By Dr. Ken Broda-Bahm:
You join a research study, and after being randomly assigned to one of two groups, you hear a message focused on how common stereotypes are (the other group hears instead how rare stereotypes are). Then you, along with the other group, are asked to rate women and men in general on a number of traits, including the question of how "career-oriented" and how "family-oriented" men and women are. So, armed with your knowledge of how common these stereotypes are, would you be more or less likely to believe in them? The answer according to the study (Duguid & Thomas-Hunt, 2014) is "more." Hearing about how common and normal these biases are has the boomerang effect of increasing the bias. Even when the research participants are told to "try to avoid thinking about others in such a manner," the stereotype gets stronger based on knowledge of its commonality.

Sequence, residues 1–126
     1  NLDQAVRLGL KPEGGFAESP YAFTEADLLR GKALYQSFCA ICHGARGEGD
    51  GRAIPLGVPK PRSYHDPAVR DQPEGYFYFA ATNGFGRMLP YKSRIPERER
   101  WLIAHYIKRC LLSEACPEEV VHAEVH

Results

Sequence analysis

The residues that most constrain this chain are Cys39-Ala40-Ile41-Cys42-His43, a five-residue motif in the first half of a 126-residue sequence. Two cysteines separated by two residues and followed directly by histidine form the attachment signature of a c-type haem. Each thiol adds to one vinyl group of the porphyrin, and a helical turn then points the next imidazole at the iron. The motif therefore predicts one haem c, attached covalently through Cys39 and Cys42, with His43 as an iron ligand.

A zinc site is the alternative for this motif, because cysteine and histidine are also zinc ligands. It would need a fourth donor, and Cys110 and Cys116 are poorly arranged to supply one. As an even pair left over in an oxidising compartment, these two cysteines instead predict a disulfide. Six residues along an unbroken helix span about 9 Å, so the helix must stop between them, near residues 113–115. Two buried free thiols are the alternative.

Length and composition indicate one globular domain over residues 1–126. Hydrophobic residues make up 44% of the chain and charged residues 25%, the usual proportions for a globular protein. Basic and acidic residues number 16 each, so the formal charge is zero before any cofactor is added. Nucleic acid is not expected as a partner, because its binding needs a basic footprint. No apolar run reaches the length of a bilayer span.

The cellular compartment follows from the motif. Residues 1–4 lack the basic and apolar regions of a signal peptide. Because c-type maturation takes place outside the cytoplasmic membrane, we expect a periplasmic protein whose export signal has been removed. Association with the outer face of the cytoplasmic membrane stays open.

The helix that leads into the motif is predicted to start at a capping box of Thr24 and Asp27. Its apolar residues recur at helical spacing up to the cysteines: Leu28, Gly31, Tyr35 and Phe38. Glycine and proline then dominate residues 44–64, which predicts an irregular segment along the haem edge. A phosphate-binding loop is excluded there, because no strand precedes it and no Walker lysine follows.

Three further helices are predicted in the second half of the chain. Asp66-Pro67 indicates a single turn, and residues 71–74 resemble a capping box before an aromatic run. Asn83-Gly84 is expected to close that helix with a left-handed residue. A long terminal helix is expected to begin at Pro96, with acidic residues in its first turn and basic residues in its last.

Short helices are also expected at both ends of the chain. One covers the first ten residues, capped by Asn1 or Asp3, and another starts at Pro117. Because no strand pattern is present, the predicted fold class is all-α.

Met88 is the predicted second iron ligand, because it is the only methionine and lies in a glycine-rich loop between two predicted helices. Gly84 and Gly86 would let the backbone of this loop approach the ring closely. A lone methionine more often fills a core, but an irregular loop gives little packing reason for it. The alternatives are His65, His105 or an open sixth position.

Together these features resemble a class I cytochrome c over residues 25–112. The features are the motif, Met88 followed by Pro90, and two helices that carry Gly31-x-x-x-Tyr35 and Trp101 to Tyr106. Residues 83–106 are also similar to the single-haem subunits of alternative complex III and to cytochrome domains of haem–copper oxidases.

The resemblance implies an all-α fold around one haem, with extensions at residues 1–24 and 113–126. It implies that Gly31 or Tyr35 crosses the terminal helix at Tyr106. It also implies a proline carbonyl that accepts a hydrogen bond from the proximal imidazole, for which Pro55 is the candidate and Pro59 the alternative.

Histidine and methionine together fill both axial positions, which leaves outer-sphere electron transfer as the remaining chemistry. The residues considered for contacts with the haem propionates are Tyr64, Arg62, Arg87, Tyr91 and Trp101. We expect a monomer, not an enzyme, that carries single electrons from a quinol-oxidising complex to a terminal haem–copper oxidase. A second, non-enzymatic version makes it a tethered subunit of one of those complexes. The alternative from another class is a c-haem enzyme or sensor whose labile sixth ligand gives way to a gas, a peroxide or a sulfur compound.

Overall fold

We expect awareness to be a cure, but so much for "sunlight being the best disinfectant." Awareness just might backfire. The study, along with several others, is discussed in a current article in The New York Times' by Wharton professor Adam Grant and Facebook CEO and LeanIn founder Sheryl Sandberg, the first in a four-part series on women at work. The discussion has obvious relevance to litigation. When it comes to a verdict, we don't want to be doing anything that would enhance biases against us. But the findings give rise to a dilemma when it comes to voir dire. Making a bias seem normal makes it easier for potential jurors to reveal their biases, and we want that. But knowing that voir dire removes the worst but does not remove all, the research raises an important question: If voir dire discussion tells the eventual juror that these biases are common, then is there a chance that the bias is becoming even more entrenched? This post takes a look at the research, the voir dire dilemma, and a suggested fix.